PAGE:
LGBT rights in Nevada

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LGBT rights in Nevada
Nevada (USA)
Same-sex sexual activity legal? Legal since 1993
Gender identity/expression Transsexual persons may receive new birth certificate after sex reassignment surgery
Family rights
Recognition of
relationships
Same-sex marriage legal since 2014
Domestic partnerships legal since 2009
Adoption Yes

Lesbian, gay, bisexual, and transgender (LGBT) persons in the U.S. state of Nevada are protected by anti-discrimination laws. Same-sex marriage has been legal since 2014. Since 2009 they have had access to domestic partnership status that provides many of the same rights and responsibilities as marriage, though they lacked the same rights to medical coverage as their married counterparts and their parental rights are not as well defined. Since October 8, 2014, marriage has been legal due to the federal Ninth Circuit Court of Appeals ruling in Sevcik v. Sandoval.

Sodomy laws[edit]

Nevada decriminalized sodomy in 1993, ten years before the U.S. Supreme Court in Lawrence v. Texas struck down laws that criminalized private consensual sexual activity. Senator Lori Lipman Brown introduced Senate Bill 466 on May 13, 1993, to decriminalize what the statutes called "infamous crime against nature". At hearings, two doctors linked repealing the sodomy laws with a public health measure to combat the stigma and spread of HIV. Other supporters included Reno, Nevada Rabbi Myra Soifer, former Senators Helen Foley and Jean Ford, gay rights advocate Lee Plotkin, and progressive activist Bob Fulkerson. Opponents included Janine Hansen of the Nevada Eagle Forum and Independent American Party of Nevada and Lynn Chapman who said that repealing the sodomy laws would increase the spread of HIV/AIDS and would "open the floodgate ... in legalizing, condoning and recognizing homosexuality to be on an equal footing with heterosexuality" and lead to "such things as homosexual marriage and adoption of children."[1] In the course of the legislative process, the words "infamous crime against nature" were replaced by "anal intercourse, cunnilingus or fellatio in public".[2] Other amendments, including one to require sex education in schools to provide "factual information regarding the dangers of such activities" of "a homosexual lifestyle or the infamous crime against nature", were defeated.[3][4] Democratic Governor Bob Miller signed the legislation on June 16, 1993.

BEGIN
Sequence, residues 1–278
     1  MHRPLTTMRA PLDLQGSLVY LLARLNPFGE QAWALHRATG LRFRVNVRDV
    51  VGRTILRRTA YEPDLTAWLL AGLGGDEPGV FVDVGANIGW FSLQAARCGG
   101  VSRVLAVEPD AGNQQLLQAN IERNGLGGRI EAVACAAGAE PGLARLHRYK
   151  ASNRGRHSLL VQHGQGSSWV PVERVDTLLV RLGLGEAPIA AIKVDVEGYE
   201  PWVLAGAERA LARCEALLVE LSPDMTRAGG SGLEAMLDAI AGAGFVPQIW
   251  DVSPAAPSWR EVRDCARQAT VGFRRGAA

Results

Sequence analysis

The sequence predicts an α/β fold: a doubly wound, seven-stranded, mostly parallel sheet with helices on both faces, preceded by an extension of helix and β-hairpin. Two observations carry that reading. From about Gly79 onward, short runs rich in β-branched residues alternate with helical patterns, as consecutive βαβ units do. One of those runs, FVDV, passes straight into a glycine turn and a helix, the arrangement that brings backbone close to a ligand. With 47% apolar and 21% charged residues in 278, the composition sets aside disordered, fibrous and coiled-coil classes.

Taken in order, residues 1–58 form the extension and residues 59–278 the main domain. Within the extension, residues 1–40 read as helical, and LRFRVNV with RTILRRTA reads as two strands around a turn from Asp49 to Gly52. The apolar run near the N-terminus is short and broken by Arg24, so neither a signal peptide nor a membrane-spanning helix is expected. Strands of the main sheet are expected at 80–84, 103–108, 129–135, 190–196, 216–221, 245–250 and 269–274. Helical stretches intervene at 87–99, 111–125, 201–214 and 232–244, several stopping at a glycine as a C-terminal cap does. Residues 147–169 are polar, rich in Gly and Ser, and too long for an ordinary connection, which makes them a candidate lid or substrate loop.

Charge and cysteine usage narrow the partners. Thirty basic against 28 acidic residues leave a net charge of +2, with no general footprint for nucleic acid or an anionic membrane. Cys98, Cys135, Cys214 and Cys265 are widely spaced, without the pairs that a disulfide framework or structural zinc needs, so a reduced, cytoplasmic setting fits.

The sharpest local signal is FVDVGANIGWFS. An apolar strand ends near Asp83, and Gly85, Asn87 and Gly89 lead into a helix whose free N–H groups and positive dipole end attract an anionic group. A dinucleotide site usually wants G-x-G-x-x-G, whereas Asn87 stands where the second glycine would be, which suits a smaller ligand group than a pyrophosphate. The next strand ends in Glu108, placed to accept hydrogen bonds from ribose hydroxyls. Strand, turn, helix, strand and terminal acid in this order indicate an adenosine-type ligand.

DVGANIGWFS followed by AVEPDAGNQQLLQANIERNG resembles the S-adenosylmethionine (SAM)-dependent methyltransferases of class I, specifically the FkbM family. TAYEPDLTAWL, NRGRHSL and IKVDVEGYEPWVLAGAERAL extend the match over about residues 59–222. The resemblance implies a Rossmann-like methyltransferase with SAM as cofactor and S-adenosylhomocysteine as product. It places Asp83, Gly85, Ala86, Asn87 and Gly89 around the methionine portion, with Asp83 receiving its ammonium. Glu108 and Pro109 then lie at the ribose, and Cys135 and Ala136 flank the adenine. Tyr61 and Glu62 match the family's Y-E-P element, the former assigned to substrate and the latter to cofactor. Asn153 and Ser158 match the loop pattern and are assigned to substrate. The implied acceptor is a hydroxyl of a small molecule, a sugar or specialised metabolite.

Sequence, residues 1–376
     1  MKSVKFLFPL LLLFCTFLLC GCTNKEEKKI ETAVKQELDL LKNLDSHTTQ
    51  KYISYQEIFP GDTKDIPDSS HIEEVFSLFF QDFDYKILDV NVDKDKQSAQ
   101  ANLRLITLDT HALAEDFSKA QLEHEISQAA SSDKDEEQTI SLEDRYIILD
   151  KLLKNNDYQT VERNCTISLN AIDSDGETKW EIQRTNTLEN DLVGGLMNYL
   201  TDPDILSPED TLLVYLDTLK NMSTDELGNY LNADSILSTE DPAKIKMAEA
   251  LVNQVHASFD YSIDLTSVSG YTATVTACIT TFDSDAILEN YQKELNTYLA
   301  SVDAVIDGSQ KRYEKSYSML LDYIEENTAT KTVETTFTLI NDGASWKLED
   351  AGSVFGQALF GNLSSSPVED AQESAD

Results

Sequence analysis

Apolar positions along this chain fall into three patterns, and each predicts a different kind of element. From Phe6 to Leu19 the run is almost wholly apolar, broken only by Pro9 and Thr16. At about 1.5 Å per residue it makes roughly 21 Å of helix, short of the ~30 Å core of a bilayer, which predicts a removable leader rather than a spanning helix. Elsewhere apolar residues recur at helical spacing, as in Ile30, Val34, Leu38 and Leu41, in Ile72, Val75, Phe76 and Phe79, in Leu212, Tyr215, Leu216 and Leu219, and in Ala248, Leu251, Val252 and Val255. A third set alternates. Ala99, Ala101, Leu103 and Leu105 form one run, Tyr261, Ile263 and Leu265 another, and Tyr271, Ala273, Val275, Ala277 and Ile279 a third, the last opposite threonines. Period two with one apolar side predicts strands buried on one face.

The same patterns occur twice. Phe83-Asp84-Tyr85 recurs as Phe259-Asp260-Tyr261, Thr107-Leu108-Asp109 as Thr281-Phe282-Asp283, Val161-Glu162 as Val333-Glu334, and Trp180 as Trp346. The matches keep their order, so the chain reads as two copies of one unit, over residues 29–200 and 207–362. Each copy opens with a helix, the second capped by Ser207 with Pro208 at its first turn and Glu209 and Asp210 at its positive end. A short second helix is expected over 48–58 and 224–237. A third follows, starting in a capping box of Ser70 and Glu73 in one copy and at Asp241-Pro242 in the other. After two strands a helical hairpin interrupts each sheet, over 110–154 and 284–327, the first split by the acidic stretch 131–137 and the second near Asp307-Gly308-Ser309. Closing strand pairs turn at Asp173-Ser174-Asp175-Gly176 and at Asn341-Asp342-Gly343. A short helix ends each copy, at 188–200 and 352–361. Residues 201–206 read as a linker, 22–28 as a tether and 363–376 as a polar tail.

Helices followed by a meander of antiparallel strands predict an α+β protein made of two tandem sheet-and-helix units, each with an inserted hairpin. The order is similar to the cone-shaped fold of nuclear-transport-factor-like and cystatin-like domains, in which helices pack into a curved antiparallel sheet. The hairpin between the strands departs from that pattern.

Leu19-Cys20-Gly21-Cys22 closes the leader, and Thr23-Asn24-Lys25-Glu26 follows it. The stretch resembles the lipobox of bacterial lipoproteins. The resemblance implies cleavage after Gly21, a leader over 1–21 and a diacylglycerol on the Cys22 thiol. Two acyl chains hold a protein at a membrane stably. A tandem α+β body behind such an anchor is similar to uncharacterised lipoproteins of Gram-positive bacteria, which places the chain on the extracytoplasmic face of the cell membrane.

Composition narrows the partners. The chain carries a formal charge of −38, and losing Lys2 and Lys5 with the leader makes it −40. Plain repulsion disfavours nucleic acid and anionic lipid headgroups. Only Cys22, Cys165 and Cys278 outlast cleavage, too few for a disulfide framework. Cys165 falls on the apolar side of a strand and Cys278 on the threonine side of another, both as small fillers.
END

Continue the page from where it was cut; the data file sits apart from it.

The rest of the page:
Anti-discrimination laws[edit]

During the 1999 Legislative Session, the legislature added prohibition of discrimination based on a person's actual or perceived sexual orientation in public and private employment and public accommodations to state law. In the 2011 Legislative Session, Republican Governor of Nevada Brian Sandoval approved and signed into law three bills, A.B. 211, S.B. 331, and S.B. 368 which prohibit discrimination in areas of employment, housing and public accommodation on the basis of "gender identity or expression." S.B. 331 also prohibits discrimination on the basis of sex at public accommodations, and S.B. 368 also prohibits housing discrimination on the basis of sexual orientation. All three laws took effect on October 1, 2011.[5][6]

Hate crime statutes[edit]

Nevada law provides additional penalties for the commission of crime because of certain actual or perceived characteristics of victim. In 2001, Nevada amended its hate crime laws to included sexual orientation, without addressing gender identity or expression.[citation needed] In 2011, Senator David Parks introduced S.B. 180 to add "gender identity or expression" to Nevada's hate crime laws. One Democrat, John Lee, voted with the Republicans and the bill failed.[7] In the 2013, S.B. 139, which adds "gender identity or expression" to Nevada's hate crime law, was introduced by a bipartisan group and passed the Senate on a vote of 20-1. Senator Hardy, the only vote against the legislation, later said that he should have voted in favor of S.B. 139 after talking with Senator Pat Spearman, the legislature's first out person of color, a pastor and military veteran.[8] The legislation passed the Assembly on a vote of 30-11 on May 14.[9] Governor Brian Sandoval signed the legislation on May 21, 2013.[10] The new law SB139 took effect on October 1, 2013.[11]